InsiderTAPS (16 March 2020)
PDPA Alert: Proposed amendments to the Personal Data Protection Act 2010
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On 14 February 2020, the Personal Data Protection Commissioner (“Commissioner”) released the much-anticipated proposed amendments to the Personal Data Protection Act 2010 (“PDPA”) for public consultation which closed on 10 March 2020.
Significant reforms to the PDPA aimed at strengthening the effectiveness and practical implementation of the PDPA whilst aligning it to international standards lie at the heart of the proposals. These proposed changes also significantly draws the PDPA closer to the European Union’s General Data Protection Regulation (“GDPR’). It seeks to address the emerging and evolving issues surrounding the rise in use of big data by commercial entities that has a corresponding impact on individuals whose behaviour are being tracked and are often targeted for marketing or other more disquieting purposes. The growing number of cases of data breaches involving multi-layered use of personal data by different sectors which neuters the utility of the PDPA to protect against misuse of personal data is also a cause for concern.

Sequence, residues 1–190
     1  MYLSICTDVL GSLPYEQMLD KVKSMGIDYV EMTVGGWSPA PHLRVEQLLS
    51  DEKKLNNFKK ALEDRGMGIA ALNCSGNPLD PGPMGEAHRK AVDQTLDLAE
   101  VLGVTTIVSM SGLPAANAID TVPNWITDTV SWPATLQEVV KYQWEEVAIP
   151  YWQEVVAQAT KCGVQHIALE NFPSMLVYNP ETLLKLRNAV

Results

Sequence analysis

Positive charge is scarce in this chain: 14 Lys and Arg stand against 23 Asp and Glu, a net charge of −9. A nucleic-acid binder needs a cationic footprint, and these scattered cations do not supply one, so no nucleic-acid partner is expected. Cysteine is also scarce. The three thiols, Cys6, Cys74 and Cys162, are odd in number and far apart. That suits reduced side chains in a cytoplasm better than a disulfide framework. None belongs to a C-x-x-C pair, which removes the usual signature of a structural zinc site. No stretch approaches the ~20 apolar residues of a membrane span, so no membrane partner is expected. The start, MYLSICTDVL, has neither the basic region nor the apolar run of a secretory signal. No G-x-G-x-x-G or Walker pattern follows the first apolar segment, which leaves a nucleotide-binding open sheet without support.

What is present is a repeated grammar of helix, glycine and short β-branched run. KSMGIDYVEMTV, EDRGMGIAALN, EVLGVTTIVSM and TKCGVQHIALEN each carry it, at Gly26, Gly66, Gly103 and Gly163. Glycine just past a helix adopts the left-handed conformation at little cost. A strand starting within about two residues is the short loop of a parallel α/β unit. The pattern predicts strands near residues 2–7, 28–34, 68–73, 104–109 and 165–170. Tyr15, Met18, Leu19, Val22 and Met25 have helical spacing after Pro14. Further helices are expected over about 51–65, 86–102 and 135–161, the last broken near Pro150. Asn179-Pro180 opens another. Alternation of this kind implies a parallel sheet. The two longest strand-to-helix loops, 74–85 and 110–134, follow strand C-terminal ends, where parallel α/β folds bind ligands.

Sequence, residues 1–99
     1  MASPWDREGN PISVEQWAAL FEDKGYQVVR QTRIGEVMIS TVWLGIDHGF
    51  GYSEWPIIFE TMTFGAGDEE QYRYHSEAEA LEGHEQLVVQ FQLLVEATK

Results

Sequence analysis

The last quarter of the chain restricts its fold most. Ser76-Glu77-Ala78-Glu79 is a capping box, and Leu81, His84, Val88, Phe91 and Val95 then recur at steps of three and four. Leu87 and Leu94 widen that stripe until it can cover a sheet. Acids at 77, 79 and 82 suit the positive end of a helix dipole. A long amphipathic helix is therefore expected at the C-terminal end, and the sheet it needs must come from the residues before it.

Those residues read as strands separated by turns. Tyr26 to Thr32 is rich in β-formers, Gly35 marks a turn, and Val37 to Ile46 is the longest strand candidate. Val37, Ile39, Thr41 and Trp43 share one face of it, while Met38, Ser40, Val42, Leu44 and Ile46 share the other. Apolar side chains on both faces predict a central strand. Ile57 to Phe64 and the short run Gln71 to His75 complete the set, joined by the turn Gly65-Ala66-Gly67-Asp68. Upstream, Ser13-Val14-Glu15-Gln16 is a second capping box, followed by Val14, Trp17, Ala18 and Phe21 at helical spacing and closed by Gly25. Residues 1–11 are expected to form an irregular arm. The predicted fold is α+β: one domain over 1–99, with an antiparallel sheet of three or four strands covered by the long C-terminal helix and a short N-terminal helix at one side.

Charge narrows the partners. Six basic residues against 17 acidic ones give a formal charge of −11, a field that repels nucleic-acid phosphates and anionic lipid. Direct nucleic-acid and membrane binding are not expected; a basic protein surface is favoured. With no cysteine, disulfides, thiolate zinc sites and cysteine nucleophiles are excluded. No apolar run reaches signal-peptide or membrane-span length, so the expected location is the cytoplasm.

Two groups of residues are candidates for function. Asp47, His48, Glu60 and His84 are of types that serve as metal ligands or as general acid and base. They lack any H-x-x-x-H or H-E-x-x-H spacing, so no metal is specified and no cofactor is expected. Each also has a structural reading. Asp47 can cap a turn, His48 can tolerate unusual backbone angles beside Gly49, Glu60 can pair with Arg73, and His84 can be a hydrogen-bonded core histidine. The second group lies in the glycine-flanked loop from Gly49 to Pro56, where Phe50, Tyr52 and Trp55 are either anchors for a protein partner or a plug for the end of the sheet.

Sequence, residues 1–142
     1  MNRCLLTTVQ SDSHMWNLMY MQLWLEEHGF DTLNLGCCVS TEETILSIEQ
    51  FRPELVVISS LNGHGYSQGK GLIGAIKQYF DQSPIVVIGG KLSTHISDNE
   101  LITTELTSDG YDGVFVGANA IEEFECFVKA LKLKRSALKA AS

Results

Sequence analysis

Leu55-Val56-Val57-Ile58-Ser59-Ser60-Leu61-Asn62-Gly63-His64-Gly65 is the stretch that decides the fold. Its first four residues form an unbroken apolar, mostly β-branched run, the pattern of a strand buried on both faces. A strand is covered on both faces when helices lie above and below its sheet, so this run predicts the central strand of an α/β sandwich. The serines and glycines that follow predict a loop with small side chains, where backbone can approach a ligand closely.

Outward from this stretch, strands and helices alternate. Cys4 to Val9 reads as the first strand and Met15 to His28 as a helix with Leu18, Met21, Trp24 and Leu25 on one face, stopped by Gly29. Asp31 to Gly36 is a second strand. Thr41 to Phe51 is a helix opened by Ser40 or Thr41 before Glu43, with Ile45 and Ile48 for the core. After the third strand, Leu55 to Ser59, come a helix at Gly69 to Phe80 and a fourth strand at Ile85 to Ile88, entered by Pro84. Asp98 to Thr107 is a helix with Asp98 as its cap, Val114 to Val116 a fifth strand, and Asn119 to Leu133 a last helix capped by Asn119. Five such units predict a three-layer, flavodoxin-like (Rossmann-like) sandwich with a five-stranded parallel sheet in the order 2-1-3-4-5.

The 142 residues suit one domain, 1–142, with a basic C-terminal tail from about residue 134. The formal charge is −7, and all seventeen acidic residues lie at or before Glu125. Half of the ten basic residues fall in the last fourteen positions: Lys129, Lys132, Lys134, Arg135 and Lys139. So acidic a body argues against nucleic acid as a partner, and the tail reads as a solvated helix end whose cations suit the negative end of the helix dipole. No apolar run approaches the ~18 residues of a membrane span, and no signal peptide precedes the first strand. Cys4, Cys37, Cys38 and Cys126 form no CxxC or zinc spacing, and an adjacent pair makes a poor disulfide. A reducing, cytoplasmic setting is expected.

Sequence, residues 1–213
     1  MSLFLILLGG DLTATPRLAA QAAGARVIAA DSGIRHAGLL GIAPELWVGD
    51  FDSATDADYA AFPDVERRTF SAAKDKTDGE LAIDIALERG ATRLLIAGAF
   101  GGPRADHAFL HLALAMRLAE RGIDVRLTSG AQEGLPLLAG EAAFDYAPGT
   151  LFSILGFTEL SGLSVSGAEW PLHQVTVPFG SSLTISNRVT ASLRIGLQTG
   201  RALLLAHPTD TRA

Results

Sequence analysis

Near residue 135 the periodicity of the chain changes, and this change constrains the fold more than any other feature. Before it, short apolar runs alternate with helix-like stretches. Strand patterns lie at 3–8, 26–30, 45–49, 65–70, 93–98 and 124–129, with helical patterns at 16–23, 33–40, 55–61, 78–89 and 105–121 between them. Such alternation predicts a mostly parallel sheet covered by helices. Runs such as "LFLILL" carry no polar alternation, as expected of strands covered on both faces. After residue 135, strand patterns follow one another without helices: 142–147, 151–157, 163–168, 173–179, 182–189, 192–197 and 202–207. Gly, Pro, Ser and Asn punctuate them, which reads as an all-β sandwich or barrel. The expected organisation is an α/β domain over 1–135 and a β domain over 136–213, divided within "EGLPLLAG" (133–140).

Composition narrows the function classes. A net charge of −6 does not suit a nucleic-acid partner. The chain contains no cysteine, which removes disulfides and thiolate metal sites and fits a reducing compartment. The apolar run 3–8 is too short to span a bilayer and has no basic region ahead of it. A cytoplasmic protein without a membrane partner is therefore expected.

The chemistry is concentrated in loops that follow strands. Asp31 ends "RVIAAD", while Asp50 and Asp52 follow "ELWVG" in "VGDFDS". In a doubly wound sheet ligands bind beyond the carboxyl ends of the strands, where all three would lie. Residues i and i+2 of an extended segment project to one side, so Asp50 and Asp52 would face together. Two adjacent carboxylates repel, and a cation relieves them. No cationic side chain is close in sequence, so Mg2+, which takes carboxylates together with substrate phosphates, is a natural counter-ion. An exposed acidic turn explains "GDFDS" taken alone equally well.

In brief, we set out below an overview of the proposed amendments to the PDPA.
Direct obligation on data processor
Presently, data processors are not subject to data protection principles or the requirements under the PDPA. In order to address the risk of data breaches that involve data processors, the Commissioner proposes to impose direct obligations and responsibilities on data processors who may be liable for non-compliance with specific processor obligations. The Commissioner is considering requiring data processors to be registered with the Commissioner and expanding the definition of “data processor” to include data processors appointed by the Federal Government and State Governments.